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Falling Angels (Scott Smith)

Falling Angels

Falling Angels (Scott Smith)

For many people, they are a product of their past. They never seem to escape it, and every day is the same, reliving events over and over in the present. Such is the life of Mary Field (Miranda Richardson) who exists in numbed state of bourbon induced purgatory, forever haunted by a family secret that no one speaks of, one that has flatlined her mental state.

Set in the late 60s in Don Mills, the Field family does what most families did at the time, and what many do today: pretend that everything is okay, even when the walls are crumbling down around them. They are perfectly dysfunctional, run by a military style father, Jim Field (Callum Keith Rennie) who is the leader of the game of pretend, and an obvious failure in the eyes of the family and himself.

The opening scene starts with the end of the story or the end of their family as they know it: the funeral of their mother. Working backwards we see what led them to this loss, along with learning more about the characters and their unique and interesting idiosyncrasies.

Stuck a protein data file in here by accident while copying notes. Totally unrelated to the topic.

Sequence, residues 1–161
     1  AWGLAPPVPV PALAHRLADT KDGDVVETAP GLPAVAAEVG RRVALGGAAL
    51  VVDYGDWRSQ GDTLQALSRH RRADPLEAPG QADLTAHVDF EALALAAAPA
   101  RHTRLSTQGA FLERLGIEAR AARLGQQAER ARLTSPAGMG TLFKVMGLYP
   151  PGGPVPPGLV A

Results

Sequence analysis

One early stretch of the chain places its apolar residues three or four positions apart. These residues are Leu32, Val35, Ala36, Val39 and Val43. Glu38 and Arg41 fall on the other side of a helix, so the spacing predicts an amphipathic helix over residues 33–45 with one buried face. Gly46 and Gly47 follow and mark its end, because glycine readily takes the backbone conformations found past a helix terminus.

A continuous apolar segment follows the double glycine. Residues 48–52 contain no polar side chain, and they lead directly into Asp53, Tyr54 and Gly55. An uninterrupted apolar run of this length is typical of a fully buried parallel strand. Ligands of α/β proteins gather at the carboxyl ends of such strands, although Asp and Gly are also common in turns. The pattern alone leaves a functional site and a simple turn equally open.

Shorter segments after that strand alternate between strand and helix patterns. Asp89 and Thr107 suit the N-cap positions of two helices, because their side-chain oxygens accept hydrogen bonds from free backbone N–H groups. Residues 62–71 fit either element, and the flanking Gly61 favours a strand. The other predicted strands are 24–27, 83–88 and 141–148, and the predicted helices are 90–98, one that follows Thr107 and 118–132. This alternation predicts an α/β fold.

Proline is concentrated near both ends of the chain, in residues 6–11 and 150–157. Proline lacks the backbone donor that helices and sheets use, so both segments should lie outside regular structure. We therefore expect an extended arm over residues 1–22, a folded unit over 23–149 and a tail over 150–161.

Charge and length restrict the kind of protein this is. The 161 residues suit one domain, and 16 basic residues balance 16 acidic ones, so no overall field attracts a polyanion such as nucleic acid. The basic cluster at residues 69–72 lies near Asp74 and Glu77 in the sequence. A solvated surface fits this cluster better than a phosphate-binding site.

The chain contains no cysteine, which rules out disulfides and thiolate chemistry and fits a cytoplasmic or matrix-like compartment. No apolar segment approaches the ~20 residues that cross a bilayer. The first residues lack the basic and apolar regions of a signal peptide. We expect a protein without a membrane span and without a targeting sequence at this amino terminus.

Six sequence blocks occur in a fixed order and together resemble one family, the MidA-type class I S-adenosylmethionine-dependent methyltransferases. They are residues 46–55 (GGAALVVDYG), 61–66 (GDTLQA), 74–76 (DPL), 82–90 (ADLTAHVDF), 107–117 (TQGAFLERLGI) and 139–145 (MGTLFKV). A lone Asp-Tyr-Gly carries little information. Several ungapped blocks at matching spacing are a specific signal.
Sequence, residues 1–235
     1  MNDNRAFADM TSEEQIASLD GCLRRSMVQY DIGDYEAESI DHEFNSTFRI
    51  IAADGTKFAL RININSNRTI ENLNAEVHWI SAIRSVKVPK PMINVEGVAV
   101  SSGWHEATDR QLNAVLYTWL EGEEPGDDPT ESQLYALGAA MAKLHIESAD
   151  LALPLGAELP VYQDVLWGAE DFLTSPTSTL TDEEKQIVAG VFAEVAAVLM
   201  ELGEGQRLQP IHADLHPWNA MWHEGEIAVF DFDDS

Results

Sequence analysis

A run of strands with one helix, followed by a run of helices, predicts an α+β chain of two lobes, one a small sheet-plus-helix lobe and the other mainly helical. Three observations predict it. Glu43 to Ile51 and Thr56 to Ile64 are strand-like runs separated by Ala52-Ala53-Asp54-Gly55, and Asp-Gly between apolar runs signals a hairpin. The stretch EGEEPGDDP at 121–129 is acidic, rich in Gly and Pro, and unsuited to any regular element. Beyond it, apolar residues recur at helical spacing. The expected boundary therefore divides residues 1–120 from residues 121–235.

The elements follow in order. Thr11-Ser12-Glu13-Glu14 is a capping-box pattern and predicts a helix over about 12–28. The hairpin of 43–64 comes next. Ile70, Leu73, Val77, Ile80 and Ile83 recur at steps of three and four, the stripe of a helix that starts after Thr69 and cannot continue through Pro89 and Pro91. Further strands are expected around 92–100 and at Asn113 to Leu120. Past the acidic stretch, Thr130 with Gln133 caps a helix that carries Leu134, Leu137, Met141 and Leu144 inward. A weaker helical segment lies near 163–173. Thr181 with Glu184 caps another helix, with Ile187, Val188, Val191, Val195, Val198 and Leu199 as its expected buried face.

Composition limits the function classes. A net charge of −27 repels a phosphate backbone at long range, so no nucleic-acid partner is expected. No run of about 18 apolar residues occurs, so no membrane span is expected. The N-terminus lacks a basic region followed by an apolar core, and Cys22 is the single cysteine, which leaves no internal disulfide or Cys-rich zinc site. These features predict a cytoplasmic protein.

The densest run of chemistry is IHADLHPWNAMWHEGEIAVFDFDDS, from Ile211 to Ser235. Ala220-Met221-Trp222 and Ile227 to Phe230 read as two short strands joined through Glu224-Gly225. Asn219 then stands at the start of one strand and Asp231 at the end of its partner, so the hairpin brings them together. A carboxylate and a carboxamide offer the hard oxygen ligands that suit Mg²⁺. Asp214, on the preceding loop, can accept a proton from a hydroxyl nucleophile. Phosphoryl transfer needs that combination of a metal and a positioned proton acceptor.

The oldest daughter Norma (Monte Gagne) is the shy one leaning towards a sexual preference that would take her down the Home Depot aisle if they were around at the time. Lou (Katherine Isabelle) is the rebel, taking up with a revo boyfriend who introduces her to politically oriented poetry and LSD. Then there’s Sandy, who completely envelopes her home-ec class, making her own clothes and dreaming of being the good wife in the kitchen.

Based on the novel that came out in 1991, it took seven years to get from the stage of obtaining the rights, two years of back-and-forth screenplay writing, and 1200 tryouts for the parts of the three girls.

The time and effort paid off.

What’s most intriguing is not just the qualities of the individual characters, but this tug of war that goes on, where each character has their own channels for escaping their reality while collectively wanting to preserve this odd unity of the family and their mother. Through it all they seem to survive because of this juxtaposition — that and the sprinkles of biting wit cast throughout the film. It’s no “feel good movie of the year,” but those types of movies are often lacking in substance and not really worth your time. In Falling Angels, Smith keeps it real.


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